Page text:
Directors like Lars Von Trier have largely taken over the job of controversy-baiting from Paul Verhoeven these days, but he’s not done stirring things up just yet. Deadline is reporting that the man who made Basic Instinct has secured both financing and a writer for his sure-to-be-thorny cinematic take on Jesus Of Nazareth.
Pulp Fiction writer Roger Avary is the man Verhoeven has chosen to adapt the book about Christ that the director himself co-wrote with Susan Massotty and Rob Van Scheers. After years of research, Verhoeven published the book, called Jesus Of Nazareth, that essentially posits the idea that he existed, but that all of the miraculous parts of his life were pure fiction. Nope, no one’s going to take issue with that idea…
Even Verhoeven is aware of the firestorm he could be igniting, as he made clear to us way back in 2006: “Essentially it is about Jesus the human being. That's a big step isn’t it? To see him only as a human being, and it’s as historical as possible. It really goes into the politics of the time and tries to show a lot of things that have been buried and eliminated by Christianity. My scriptwriter told me not to do the movie in the United States because they might shoot me. So I took his advice and decided to write a book about it first.”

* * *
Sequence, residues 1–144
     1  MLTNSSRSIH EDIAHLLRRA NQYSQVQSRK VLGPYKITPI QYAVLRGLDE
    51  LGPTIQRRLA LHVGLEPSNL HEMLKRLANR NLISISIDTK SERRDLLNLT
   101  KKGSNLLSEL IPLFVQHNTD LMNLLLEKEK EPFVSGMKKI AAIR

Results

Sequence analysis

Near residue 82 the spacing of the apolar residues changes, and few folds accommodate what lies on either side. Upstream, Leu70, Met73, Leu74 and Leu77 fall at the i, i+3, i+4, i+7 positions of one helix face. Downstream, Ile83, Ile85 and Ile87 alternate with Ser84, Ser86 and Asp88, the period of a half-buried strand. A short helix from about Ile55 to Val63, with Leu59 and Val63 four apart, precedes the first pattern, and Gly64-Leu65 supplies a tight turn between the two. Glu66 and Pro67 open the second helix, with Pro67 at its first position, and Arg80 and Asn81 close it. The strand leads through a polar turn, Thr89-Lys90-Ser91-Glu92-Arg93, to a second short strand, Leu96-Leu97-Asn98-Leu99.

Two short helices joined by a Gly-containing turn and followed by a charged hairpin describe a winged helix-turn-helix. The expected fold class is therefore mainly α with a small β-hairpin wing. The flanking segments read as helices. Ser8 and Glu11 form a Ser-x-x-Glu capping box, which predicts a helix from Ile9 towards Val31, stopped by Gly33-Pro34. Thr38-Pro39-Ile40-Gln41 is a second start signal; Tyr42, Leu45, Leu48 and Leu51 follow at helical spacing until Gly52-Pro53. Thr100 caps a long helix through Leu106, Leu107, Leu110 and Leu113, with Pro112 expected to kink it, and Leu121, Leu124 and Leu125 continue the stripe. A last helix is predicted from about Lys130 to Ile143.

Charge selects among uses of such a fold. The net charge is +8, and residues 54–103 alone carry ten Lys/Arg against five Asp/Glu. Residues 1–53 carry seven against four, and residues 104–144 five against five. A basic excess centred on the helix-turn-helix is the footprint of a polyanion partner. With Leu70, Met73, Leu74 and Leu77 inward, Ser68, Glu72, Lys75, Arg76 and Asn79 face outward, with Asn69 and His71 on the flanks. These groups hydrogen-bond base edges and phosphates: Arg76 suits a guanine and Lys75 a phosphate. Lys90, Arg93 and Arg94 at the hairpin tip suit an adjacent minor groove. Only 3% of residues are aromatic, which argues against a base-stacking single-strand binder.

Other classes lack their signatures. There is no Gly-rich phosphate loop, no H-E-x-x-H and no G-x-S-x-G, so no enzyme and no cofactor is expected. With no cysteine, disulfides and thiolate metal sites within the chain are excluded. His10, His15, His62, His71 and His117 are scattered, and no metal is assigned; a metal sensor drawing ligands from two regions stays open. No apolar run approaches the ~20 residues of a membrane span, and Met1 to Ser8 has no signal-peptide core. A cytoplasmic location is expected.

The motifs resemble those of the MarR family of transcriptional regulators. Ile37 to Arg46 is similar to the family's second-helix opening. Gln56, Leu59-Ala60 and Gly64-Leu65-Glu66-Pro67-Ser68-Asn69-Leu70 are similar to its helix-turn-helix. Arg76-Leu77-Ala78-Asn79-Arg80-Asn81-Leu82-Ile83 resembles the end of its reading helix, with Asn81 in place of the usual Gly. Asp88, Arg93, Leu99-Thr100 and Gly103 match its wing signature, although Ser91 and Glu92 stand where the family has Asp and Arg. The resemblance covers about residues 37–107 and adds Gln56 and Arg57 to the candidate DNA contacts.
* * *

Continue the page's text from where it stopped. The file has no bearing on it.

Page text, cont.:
“I was interested in Black Magic and the Occult and then started to be interested in miracles. My view was always, 'Well this is impossible, in fact it’s self-contradictory.' So I became interested in the historical facts: what time did he get up and so on. I feel like Hercule Poirot investigating Jesus!”
Muse Productions’ Chris Hanley is apparently the person with the open wallet who wants to help get the movie made. And while we’re sure this will be a hot potato, particularly in the US, it's back in the news at a time when Biblical movies are all the rage again. Darren Aronofsky is prepping Noah, Steven Spielberg wants to craft a take on Moses and Ridley Scott is developing Exodus. It's only a matter of time until David Fincher makes The Book Of Numbers.